Barn 2: Steam powered Quantocks

It was a gorgeous morning. Sheep were calling in the field next door and there was a low mist in the dip in the field. The sun had just risen, and while the Barn was sheltered by the farmhouse, the fields opposite were golden with the early sunshine.

Rufus and I decided to make our way up to the hills above Crowcombe. The Quantocks run in a line roughly north-south towards the sea. On top, it reminded me a bit of Rhossili Down, with heather and low gorse separated by rough tracks where sheep have wandered over the years.

We reached Hurley Beacon, the site of one of many Bronze Age burial cairns built on the western edge of the hills. From here there was a fantastic view through almost 360 degrees. To the north was Aberthaw power station on the Welsh coast and almost opposite it, nearer me, Hinkley ‘C’ nuclear power station. In between were Flathom and Steepholm islands. To the west was the valley that leads down to Watchet.

Back at the Barn, we paused briefly before heading off to Crowcombe Heathfield railway station, just down the road. There we caught the 10.40am steam train to Minehead. I saw this train several years ago when I was at Blue Anchor chasing pill boxes. Today we steamed along the West Somerset Railway through Stogumber, Williton and all stations to Blue Anchor. There I saw a couple of pill boxes close up and several more well concealed inland of the beach. Blue Anchor beach was considered a threat for invasion during the war and a significant defensive system was built based on the railway line and inland.

Minehead was the final stop and we walked along the platform, past the temporary CAMRA bar and its customers and across the road to the beach. It was closed to dogs, which meant that we couldn’t have our planned picnic as we couldn’t find the parts of the beach we thought might be open. Instead, we walked along the promenade towards the breakwater and sat there for sausage and chips. Oscar and I went off to explore the breakwater and we ended up by three large ships cannons.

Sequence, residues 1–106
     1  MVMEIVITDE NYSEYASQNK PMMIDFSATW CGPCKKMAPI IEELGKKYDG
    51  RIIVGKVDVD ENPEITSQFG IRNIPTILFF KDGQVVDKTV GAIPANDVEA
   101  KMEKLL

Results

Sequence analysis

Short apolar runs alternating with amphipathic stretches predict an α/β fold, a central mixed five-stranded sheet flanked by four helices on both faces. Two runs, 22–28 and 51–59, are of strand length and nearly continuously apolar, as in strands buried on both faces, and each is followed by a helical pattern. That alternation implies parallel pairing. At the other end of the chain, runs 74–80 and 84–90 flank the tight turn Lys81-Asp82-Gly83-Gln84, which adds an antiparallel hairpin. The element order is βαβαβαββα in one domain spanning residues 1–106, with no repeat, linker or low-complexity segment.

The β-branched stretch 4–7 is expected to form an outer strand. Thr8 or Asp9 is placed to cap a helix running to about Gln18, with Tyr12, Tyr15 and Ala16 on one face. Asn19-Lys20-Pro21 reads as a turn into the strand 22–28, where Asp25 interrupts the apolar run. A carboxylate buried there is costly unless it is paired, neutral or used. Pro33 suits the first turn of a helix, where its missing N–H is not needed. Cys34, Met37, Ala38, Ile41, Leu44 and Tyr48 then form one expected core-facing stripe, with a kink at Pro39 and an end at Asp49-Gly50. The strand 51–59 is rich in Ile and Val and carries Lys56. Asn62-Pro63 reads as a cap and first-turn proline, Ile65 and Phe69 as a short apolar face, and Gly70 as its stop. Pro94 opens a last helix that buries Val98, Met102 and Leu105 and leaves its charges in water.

Heading back to the station, we were treated to a jazz band playing upbeat songs to entertain the CAMRA customers, supping their real ale. We watched the crew stoking the boiler to get steam up for  the journey back. It seemed quicker on the way home and we were back in the Barn in no time.

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Flora’s Barn 1

Travelling on a Saturday is always to be feared, Shoppers, holiday makers, caravans, people who don’t normally drive on motorways. But for some reason, the roads were clear today.

In what seemed like no time (maybe it wasn’t, maybe time travel is possible) we reached the bridge and after that, apart from a few minutes joining the  M5, the roads were relatively clear. Caravans miraculously stayed in the inside lane, as did the lorries. Everyone else seemed sensible. Continuing the tine travel theme, we arrived at Flora’s Barn before we left home. (Paradox – discuss).

Rufus is with us and it his his mission in life to escape from any confines we impose. The garden of the barn was his latest challenge and he rose to the occasion admirably. Despite seeking and finding his escape route, I was unable to block it sufficiently well to prevent him from getting out – the last time by crawling on his belly under a low wooden beam before leaping from the top of a wall to almost bump his chin on landing.

It’s later now and I’ve just finished a pizza. It’s about time to enjoy the scones and cream that our landlord left us. The sky is dark outside, and the milky way is clear to see even with the naked eye. I think some photography is in order later.

The Milky Way